This second half of the comment probably belongs in the 4 possible relationships post, but I’ll put it here where the conversation is still going. 🙂 Anyone else feel like they go through life with a giant sign stuck on their forehead that says “Please, tell me all your problems!” I think people sense that I’m a good listener, and I truly don’t mind being an ear to hear and a shoulder to cry on for my friends. I’m good at it and am often told I should have been a counseler. But people (sometimes including near-strangers! but also including good friends) forget that I have my own problems to be getting on with, and I’m often tired and overwhelmed with baby care, not to mention my own past and present woes that need to be dealt with. I also grew up in a no-boundaries house, so I’m learning how to sensitively but firmly set up boundaries. Not too rigid, not too loose. Maybe less fake than “gee, I think the baby needs to be fed now, sorry to interrupt your story, see ya!”. If anyone has tips, I would so appreciate it!

    • Anne says:

      “Anyone else feel like they go through life with a giant sign stuck on their forehead that says “Please, tell me all your problems!””

      It’s not just you. 🙂

  3. Jamie says:

    I have overstepped this boundary in person and online so many times. Still do. (One reason is because I love connecting with others & small talk can annoy me. Another is because I have that sign someone mentioned on my forehead that says, “Tell me everything about you.” So I share back.)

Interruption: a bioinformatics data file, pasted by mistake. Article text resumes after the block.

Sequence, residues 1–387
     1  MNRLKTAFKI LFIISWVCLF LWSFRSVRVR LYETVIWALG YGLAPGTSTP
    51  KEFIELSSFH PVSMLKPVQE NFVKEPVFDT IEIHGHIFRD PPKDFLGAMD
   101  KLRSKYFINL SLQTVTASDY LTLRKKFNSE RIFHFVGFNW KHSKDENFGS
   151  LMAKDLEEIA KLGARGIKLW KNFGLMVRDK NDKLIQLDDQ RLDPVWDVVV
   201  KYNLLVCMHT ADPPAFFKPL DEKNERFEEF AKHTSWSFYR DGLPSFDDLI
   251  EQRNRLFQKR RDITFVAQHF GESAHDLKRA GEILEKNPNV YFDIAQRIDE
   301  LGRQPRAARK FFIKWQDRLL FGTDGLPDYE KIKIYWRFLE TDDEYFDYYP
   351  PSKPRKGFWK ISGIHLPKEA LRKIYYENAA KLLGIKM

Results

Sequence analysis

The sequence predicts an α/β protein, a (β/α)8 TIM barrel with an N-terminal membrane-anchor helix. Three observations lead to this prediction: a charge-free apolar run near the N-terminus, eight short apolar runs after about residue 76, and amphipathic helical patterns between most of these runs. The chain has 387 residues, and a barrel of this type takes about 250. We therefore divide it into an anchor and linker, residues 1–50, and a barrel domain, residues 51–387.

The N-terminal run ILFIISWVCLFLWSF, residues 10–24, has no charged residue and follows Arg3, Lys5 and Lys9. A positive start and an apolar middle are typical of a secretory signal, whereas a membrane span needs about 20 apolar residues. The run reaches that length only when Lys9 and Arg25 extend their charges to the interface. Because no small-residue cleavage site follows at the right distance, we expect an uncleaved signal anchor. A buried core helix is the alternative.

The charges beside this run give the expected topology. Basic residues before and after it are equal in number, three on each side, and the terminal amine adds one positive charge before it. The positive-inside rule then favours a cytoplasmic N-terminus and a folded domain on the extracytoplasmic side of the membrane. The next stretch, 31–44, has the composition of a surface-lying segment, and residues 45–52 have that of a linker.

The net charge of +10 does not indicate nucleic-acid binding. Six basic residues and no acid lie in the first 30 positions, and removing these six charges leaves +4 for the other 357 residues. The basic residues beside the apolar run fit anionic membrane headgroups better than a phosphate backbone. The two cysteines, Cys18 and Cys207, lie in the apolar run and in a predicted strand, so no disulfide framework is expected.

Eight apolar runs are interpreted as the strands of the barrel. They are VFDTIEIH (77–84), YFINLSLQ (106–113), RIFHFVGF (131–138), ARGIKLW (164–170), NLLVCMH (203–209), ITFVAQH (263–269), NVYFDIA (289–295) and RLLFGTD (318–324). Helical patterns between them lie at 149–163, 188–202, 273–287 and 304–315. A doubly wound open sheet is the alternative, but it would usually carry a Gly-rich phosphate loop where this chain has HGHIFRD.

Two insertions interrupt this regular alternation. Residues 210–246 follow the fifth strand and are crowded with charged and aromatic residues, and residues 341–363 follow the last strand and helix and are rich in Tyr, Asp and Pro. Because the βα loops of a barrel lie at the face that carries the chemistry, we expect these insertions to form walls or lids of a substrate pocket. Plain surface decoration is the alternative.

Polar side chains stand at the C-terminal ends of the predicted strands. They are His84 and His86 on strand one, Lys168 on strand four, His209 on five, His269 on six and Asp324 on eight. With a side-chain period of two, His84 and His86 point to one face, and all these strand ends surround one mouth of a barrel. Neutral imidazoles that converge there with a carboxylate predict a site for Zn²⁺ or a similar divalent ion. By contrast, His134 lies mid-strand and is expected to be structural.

The instances I really regret are when issues were happening in real time and I vented. Reactive responses are rarely helpful – online or in person. Also when the venting put people in a negative light – whether it be those I don’t personally know well or at all, but I deeply respect, or those I know well and dearly love (like the ones under my roof).

    But you know? I definitely have one and a half feet in the camp of being honest about the messy. Making sure our lives don’t look, as someone said above, Pinterest-perfect. So others know they are not alone. And others’ honest-but-appropriate sharing has been a lifeline to me so many times. But I think those things are best shared *not* in the moment. When a little time and processing with in-person, intimate friends can temper the reaction. I am quite sure I will continue to cross this line, but I have learned much.

    It’s interesting that even the appropriate things can create a false sense of intimacy. I have occasionally read acquaintances’ blogs who write about fun milestones or special events. When I see them in person, I want to run up and hug and congratulate them. But I can’t, because we don’t actually have that level of relationship in real life.